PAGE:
Sept 99: BACKTALK
|(August: Main Page * Features * Reviews * Gallery ) Current Issue * Archive|
Interested? Send your words of wisdom to email@example.com with "backtalk" in the subject field. Please note that our staff does not edit the submissions so we request that you submit your best work.
Disclaimer: the staff of blackfilm.com does not necessarily share the opinions expressed in BACKTALK.
August: James Richards, a NYU filmmaker, responds to Gordon Parks' ideologies on filmmaking.
A while ago, I read an interview with celebrated writer, photographer, artist, and filmmaker, Gordon Parks. He advised young filmmakers not to be limited to "black stories". I took that personally, like an insult. Maybe "limited" is a poor choice of wording. Maybe if he had said something like "Filmmakers should feel free to tell any story they want, even ones outside of their cultural experience." I'd agree with that wholeheartedly. But he didn't say that, he used the word "limited." Maybe it's simply a matter of semantics and I'm just being too sensitive, but "limited" registers awfully negative in my head. Why are my experiences "limited," and why would another black person feel that way?
Zhang Yimou is arguably one of the World's greatest film directors. His work, even his films set in modern times, are deeply rooted in Chinese culture. No one would dare suggest that he wouldn't really be a great director until he told some stories with white folks in it. At least not out loud.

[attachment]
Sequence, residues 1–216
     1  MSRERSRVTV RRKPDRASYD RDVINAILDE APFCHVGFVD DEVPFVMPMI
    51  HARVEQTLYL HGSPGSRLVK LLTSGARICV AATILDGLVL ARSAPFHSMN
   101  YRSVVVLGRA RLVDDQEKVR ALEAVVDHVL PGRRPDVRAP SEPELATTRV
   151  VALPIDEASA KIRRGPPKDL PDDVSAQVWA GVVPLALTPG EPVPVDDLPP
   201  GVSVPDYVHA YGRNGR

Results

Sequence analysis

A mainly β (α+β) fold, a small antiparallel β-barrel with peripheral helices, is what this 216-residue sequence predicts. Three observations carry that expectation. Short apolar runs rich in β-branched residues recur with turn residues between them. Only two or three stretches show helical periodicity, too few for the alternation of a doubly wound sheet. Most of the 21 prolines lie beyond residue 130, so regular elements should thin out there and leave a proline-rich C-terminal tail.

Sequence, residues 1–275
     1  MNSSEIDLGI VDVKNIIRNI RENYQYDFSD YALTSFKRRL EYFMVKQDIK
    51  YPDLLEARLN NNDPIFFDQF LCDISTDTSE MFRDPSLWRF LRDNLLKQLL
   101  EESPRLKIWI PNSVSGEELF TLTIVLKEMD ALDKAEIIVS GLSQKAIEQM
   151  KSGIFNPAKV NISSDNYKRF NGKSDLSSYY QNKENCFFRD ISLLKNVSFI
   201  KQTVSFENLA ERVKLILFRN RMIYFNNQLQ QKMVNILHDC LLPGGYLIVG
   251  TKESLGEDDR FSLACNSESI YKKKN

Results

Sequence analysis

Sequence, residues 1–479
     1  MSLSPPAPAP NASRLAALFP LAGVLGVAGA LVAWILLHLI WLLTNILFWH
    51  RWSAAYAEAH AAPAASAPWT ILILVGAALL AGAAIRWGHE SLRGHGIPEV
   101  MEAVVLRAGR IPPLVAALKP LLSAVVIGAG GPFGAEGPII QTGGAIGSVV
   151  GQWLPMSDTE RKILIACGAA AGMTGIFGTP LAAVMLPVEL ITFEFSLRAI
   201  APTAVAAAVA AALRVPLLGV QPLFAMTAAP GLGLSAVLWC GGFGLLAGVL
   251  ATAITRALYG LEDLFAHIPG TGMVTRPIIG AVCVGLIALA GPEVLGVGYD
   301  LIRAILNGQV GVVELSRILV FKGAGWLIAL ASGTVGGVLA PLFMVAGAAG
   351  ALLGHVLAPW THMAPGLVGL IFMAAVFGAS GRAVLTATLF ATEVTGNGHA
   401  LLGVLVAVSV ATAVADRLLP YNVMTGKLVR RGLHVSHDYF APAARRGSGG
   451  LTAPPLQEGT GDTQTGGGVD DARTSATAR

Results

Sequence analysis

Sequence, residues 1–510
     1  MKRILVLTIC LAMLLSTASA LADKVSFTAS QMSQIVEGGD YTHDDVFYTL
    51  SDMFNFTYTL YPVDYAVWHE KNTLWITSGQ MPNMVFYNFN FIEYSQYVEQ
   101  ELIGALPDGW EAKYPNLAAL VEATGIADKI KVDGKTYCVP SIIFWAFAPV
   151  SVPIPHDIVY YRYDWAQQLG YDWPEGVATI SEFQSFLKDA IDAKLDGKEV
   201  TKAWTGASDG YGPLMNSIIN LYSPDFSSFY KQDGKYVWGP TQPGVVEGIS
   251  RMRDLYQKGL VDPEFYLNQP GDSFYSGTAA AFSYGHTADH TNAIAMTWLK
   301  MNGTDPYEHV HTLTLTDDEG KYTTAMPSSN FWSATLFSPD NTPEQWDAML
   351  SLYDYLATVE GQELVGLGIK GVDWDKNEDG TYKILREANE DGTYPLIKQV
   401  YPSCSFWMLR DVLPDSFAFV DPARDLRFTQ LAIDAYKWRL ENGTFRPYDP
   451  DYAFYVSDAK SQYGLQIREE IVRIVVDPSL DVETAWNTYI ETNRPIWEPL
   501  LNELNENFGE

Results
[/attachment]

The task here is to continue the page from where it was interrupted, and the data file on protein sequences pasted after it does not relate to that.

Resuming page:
John Updike has made an entire career writing about a white man nicknamed Rabbit and I've never heard anyone say he's limited because he hasn't written a story about a black woman.
When we think of our culture and experiences as limiting, we've succumbed to the same racism that artists of color think they're overcoming by doing white stories. They have misunderstood the words mainstream and universal as synonymous. They have bought into the majority's definition of universality, that in order for a story to have transcending appeal it must be one the majority feels comfortable with. Black experiences, which are the real day to day living of people that happen to be black, are apparently alienating to the majority. Ironically, the easily digestible chocolate nuggets of black culture, which at times can mean something completely different than black experience, are greedily consumed. There has never been a stronger black presence, for better or for worse, in media than right now.